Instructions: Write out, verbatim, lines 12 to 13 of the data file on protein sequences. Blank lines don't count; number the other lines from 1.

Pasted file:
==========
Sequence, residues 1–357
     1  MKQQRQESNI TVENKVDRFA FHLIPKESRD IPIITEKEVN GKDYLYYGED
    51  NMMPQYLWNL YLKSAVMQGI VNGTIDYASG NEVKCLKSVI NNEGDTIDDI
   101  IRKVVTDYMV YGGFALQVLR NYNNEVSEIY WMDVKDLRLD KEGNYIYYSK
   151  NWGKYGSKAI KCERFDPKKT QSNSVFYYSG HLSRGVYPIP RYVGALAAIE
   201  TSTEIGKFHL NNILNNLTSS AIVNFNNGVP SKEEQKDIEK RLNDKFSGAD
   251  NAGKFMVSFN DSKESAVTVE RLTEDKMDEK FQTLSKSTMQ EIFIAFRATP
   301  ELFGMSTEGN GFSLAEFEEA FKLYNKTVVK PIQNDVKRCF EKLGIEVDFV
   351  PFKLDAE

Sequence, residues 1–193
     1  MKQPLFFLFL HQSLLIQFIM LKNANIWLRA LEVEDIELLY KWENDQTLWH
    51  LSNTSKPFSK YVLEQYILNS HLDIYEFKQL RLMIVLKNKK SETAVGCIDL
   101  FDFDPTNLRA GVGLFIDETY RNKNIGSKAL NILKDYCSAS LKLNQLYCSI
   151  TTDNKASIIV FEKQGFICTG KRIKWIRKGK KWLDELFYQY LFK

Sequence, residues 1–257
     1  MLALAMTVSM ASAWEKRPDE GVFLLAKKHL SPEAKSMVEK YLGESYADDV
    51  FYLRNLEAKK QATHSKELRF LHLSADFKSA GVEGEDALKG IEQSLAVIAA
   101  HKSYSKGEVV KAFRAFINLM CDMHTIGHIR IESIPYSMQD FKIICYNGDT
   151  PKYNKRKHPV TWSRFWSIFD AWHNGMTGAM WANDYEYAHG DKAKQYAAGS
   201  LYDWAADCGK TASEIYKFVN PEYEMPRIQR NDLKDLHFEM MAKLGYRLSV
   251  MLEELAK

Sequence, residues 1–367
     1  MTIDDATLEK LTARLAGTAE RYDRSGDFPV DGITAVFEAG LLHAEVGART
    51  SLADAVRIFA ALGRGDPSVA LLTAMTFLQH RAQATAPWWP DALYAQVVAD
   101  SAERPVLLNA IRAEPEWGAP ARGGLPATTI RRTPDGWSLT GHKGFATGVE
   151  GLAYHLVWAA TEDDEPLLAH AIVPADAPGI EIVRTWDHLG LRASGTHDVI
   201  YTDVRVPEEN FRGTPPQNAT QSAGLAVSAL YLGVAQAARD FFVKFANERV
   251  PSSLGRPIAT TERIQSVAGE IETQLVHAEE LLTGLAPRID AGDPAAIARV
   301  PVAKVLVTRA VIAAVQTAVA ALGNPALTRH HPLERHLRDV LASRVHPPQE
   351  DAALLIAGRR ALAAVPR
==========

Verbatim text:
    51  LSNTSKPFSK YVLEQYILNS HLDIYEFKQL RLMIVLKNKK SETAVGCIDL
   101  FDFDPTNLRA GVGLFIDETY RNKNIGSKAL NILKDYCSAS LKLNQLYCSI